- Speed=distance / time
- Velocity=displacement / time
- Accleration=velocity / time
- Force=mass X accleration
- Work=Force X Distance
- Power=Work / Time
Speed Equation (s=d/t)
Physics has many different equations. In order to learn the more advanced equations, you need a good knowledge of the basic ones and speed is a good place to start. To find the average speed of an object, you must divide the distance the object has traveled by the time it took the object to travel that distance. For instance, if you throw an object and it travels 10 feet in 2 seconds, you would divde 10 by 2, equaling 5 feet per second (about 3.4 miles per hour).
Note: if you need to convert feet per second to miles per hour, you multiply by 3600 and divide by 5280. For miles per hour to feet per second, you multiply by 5280 and divide by 3600.
Velocity Equation (v=x/t)
Velocity and speed are similar but have a key difference in that velocity involves direction. We say that Velocity is displacement, or the distance an object is from it’s starting point, divided by the time it takes the object to travel that distance. So if you were to run 1 mile around a track in .1 hours (6 minutes) and you ended at the same spot you started in, your average speed would be 10 miles per hour (1 mile traveled divided by .1 hours) but your velocity would be 0. Why? your displacement was 0 and 0 divided by anything is 0. Because you didn’t travel anywhere from your original location, you’re displacement was 0. Another example is you jog 1 mile north and then 2 mile east in .5 hours (30 minutes) you’re speed would be 6 miles per hour (3 miles total distance divided by .5 hours). The velocity, however, would be different because it involves displacement (the distance from your starting point) rather than the total distance you traveled.
Accleration Equation (a=v/t)
This physics equation is slightly more advanced than speed and velocity. It can be summarized as your change in velocity over a certain period of time. For instance you could be jogging at 3 m/s (meters per second) and then speed up to a sprint at 5 m/s in 2 seconds. Then your accleration would equal 1 m/s/s. This is because the change in velocity, which can be calculated by subtracting your final velocity by your initial velocity (in this case, you would solve 5 m/s – 3 m/s) is 2 m/s and the time it takes to change that velocity is 2 seconds so your accleration is 1 m/s/s.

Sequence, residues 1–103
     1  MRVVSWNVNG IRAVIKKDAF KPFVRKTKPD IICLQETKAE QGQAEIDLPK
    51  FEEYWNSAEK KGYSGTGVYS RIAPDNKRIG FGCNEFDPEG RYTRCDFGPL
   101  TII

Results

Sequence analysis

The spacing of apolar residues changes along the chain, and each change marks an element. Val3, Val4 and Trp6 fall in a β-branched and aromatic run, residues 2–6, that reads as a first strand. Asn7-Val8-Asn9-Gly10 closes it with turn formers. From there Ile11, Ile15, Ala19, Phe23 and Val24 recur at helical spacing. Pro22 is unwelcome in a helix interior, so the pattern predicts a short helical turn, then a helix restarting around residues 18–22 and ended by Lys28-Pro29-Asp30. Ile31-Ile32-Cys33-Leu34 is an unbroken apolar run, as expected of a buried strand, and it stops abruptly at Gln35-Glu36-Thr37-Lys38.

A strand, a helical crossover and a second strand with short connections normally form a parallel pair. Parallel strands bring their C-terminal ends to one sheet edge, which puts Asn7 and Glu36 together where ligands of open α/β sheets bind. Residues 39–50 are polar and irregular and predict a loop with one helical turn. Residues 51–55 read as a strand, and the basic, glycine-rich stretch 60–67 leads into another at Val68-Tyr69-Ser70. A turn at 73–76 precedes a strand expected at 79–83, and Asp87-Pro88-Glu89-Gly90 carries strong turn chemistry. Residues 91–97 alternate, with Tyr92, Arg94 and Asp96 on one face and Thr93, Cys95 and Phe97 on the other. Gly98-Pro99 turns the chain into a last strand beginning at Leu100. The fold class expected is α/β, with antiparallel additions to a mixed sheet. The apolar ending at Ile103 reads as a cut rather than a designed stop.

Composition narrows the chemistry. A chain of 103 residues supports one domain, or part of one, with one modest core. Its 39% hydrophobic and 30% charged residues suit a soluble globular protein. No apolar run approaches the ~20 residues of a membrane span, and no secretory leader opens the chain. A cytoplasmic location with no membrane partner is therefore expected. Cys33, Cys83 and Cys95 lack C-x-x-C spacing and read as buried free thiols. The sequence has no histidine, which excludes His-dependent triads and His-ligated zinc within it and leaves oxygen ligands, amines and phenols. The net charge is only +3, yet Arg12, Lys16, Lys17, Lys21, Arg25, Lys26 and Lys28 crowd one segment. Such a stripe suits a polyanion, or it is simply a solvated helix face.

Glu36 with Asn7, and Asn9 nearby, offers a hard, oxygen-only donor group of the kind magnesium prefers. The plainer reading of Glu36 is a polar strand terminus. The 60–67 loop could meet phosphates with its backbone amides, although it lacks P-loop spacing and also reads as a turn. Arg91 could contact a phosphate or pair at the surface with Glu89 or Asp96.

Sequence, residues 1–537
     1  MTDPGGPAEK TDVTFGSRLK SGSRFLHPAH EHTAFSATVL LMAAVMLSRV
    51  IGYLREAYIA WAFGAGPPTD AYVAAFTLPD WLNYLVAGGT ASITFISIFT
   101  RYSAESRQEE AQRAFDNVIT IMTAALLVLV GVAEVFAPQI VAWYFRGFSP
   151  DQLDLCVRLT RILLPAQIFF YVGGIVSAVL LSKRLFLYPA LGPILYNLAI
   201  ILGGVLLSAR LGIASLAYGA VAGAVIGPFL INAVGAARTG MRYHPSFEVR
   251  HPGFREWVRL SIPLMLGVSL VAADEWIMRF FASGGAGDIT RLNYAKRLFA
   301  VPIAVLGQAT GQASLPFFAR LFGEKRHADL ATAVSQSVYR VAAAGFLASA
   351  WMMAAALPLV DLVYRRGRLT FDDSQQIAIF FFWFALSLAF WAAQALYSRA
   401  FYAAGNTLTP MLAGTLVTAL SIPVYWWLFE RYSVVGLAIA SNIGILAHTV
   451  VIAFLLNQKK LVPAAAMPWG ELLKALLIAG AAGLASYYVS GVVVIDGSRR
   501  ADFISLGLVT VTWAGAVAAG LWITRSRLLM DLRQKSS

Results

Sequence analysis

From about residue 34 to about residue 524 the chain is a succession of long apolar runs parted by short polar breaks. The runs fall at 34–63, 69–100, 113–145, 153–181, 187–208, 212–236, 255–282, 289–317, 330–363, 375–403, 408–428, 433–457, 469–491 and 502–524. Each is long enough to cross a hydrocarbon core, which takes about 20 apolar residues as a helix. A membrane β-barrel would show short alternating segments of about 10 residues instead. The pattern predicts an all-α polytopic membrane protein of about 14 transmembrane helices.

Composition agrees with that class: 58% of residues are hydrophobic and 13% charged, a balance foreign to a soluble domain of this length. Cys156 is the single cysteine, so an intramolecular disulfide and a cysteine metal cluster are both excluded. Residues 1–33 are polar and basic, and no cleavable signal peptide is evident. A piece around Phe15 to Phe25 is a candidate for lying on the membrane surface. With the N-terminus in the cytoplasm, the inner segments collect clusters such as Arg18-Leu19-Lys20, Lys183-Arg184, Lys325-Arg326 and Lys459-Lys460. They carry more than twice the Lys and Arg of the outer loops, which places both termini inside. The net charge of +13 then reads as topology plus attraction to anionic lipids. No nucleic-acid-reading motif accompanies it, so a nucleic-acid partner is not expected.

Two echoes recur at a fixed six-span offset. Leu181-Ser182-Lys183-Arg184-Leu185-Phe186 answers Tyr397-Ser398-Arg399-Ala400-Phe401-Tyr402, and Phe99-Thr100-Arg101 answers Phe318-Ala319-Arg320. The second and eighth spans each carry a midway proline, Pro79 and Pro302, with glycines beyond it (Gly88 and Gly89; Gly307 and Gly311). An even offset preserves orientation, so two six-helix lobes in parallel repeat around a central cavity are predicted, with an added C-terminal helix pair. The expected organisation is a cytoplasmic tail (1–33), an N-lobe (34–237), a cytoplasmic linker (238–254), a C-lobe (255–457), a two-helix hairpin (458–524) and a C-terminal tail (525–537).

Now lets say you take a break from sprinting and walk at 1 m/s. It took you another 2 seconds to decrease your velocity to that value. Then you would be going through the process of negitive acceleration (or deaccleration, which you might hear in everyday conversation). This is because you are accelerating at a negitive rate, 1-5/2=-4/2=-2m/s/s
Note: the units for acceration can be written as m/s/s or m/s^2 Force Equation (f=ma)
Now we get into concepts beyond speed and velocity. When you drop a ball off a 2-story building, gravity pulls the object down at 10 m/s/s. On Earth, thats approximatly the accleration of a falling object. If the ball weighs 2 kg, then the force of the object is 20 N (Newtons). If you multiply the mass by the accleration you get the force an object exerts on another object (in this case, the ball on the ground).
Work Equation (w=fd)
When you apply force to an object and move it a certain distance, you are doing work. In everyday life, most of us refer to work as filling out papers, mowing the lawn, doing the dishes, etc. In physics, work is the force applied to an object times the distance the object travels. If you push an object with a force of 10N and the object moves 3 meters, the work done is 30 J (joules).
Power Equation (P=w/t)
When you lift a barbell, you are doing work by lifting the barbell. Lets say that you and a friend both lift a 60 kg barbell 2 meters. Then you would both be doing the same amount of work. However, your friend takes 2 seconds to lift it while you only take 1. If you divide the work done on the barbell (120 J) by the time it took both of you to lift the barbell, you would have used 120 W (watts) of power while your friend has only used 60 W.
These are only some of the basic equations of physics. If you want to learn more about physics I suggest you take a course or get a book because there is much more to learn on the subject. It’s good to have a solid understanding on the world we live in!